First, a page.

The dinner I made for myself last night was truly unbelievable. I’m not just saying this to prove a point or because I’m so hungry I’ll enjoy anything. In fact since I made the switch to the chicken soup for lunch, ensuring a decent amount of protein, my hunger level has gone down, and my energy level has increased. On my way home from work, with $3.59 burning a hole in my pocket, I realized I was going to be running out of important protein source as the week went on. Also, as I promised you the readers, I refused to be boring. So I left Whole Foods (yes the same Whole Foods that everyone thinks is so expensive) with a small amount (although enough for two meals) of organic ground beef and a can of organic diced tomatoes. Down to $.10 I’ll be sure to hang on to as a memento.

Remembering I had saved some of the bread from the sandwich roll I purchased I had an amazing idea. I had ground beef, eggs, and bread….sounds like meatballs to me. By toasting a small portion of the bread and then chopping it finely, I had homemade bread crumbs which I mixed with the beef and a half of an egg. A crucial ingredient to delicious meatballs is cheese and since I had none, I figured I would just move on with out it. But I’m more creative than that. I grated a half of carrot into the mixture ensuring my meatballs wouldn’t end up dry and boring! But what are meatballs without some pasta…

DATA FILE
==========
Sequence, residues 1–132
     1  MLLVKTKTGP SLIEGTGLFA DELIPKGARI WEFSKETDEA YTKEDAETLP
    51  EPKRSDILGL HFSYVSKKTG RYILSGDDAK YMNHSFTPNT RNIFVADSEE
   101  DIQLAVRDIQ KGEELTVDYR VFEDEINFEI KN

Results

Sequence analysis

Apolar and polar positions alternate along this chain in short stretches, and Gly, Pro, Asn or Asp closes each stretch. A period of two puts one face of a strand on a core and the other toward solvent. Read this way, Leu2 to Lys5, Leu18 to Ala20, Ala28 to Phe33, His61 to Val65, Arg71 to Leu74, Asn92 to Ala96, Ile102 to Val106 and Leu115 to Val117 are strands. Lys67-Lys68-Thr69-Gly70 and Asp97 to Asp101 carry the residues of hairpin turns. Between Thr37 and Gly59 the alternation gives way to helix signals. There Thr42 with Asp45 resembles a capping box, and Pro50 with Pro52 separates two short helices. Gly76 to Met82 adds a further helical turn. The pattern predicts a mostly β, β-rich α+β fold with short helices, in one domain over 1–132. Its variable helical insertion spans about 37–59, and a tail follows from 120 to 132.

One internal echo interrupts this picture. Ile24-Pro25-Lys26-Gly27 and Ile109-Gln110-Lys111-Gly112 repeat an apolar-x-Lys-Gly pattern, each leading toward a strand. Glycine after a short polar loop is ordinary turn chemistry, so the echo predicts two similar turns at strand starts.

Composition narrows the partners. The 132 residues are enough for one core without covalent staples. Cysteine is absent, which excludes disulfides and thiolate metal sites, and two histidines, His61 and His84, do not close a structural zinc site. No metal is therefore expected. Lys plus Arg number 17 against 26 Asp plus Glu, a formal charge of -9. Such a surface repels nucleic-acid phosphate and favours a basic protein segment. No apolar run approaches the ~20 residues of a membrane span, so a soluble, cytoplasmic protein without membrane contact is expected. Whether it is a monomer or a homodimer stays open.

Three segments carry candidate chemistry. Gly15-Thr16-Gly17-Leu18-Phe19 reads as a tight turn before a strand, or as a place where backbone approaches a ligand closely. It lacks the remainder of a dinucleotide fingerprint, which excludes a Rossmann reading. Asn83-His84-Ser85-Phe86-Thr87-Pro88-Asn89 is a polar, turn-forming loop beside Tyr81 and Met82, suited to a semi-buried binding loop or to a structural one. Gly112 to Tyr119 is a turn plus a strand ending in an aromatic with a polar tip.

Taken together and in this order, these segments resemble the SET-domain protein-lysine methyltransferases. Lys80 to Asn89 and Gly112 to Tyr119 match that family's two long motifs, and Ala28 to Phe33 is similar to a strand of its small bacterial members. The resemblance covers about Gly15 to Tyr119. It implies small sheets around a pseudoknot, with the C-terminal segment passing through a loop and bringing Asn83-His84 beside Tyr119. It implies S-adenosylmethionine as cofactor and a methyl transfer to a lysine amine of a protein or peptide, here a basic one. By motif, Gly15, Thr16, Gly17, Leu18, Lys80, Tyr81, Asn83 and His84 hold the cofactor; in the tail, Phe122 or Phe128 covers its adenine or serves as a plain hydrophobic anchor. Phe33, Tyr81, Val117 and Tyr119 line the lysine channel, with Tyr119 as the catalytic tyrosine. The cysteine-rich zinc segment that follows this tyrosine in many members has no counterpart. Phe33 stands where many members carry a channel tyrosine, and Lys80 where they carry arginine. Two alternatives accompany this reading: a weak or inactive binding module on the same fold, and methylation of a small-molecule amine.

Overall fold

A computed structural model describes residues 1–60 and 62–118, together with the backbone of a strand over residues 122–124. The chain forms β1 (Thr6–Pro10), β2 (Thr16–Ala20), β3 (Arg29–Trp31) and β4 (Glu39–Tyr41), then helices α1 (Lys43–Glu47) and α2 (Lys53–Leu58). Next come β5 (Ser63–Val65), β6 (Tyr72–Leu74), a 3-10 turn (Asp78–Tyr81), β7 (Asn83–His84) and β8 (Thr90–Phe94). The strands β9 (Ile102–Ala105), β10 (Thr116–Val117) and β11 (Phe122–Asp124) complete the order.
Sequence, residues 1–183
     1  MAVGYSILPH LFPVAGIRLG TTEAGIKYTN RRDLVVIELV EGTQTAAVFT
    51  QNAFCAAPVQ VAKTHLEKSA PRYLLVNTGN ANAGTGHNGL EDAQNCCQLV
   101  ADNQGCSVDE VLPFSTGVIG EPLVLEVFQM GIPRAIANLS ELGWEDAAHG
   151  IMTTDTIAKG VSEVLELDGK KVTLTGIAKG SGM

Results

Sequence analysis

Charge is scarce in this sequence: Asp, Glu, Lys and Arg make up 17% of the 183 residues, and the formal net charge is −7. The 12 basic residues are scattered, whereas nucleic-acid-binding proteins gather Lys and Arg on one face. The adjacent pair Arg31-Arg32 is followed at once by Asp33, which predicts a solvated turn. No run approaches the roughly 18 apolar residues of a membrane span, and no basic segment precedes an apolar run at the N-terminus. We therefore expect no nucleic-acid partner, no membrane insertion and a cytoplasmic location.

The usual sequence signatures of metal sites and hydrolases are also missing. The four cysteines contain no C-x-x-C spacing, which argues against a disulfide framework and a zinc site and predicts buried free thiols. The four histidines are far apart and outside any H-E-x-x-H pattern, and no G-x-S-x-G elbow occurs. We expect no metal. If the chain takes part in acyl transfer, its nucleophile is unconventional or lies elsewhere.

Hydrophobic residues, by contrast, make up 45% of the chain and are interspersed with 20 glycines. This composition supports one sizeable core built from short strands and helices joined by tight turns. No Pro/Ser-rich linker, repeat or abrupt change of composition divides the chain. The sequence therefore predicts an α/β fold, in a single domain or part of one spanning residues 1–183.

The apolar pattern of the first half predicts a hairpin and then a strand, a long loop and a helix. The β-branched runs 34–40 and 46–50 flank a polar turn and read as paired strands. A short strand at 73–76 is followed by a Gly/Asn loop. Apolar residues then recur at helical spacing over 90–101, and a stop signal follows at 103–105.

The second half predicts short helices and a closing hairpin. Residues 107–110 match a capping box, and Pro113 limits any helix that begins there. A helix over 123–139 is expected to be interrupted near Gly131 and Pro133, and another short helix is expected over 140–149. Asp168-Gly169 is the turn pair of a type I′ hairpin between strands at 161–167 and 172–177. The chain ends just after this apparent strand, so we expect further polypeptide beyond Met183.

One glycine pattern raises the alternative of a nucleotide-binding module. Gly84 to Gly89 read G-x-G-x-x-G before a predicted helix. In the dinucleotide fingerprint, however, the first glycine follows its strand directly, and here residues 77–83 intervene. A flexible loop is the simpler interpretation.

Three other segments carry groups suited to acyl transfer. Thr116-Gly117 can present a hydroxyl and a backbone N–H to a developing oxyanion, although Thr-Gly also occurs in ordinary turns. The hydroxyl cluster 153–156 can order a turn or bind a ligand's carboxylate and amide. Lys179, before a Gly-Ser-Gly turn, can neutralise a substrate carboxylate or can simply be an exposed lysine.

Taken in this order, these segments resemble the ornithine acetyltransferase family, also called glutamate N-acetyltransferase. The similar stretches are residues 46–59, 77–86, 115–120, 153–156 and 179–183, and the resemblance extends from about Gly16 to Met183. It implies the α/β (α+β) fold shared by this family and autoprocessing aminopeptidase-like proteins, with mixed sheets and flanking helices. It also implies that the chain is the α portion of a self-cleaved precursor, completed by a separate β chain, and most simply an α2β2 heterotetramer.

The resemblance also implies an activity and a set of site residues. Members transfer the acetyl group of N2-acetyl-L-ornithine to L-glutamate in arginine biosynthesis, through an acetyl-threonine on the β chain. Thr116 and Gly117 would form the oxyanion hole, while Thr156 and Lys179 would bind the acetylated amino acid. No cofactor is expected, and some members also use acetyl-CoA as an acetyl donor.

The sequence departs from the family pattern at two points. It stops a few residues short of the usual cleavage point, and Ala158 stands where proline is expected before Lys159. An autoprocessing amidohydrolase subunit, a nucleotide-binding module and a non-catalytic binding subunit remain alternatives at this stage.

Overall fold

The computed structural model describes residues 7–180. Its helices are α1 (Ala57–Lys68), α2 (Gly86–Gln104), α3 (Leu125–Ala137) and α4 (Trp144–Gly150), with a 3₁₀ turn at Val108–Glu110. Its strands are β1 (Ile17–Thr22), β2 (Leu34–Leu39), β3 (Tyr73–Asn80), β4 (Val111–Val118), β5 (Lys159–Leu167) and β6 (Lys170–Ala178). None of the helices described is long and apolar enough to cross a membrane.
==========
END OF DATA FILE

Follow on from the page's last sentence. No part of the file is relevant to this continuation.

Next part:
Well if you’ve been following along you’ll know that I haven’t purchased any pasta and with $.10 remaining I certainly couldn’t make another buy. So I decided to make my pasta out of cabbage. Cutting the cabbage into pappardelle sized “noodles” and cooking them in a simple sauce of the diced tomatoes I created a dish that I will never forget. I was blown away by how the simplicity of the flavors and ingredients meshed together to form a nutritional powerhouse of bold flavors. And the greatest part of this meal was how I felt in the morning. Rather than waking up starving for some breakfast I remained full through the morning. Just in time for some of my soup and some leftover cabbage pasta!

But what about some more experimental data for this argument. Sure I felt great! Sure I felt full! But was this dish giving me what I needed. Only one way to figure that out. So I hit the internet this morning determined to figure out the approximate nutritional facts for my dish. But what should this be compared to?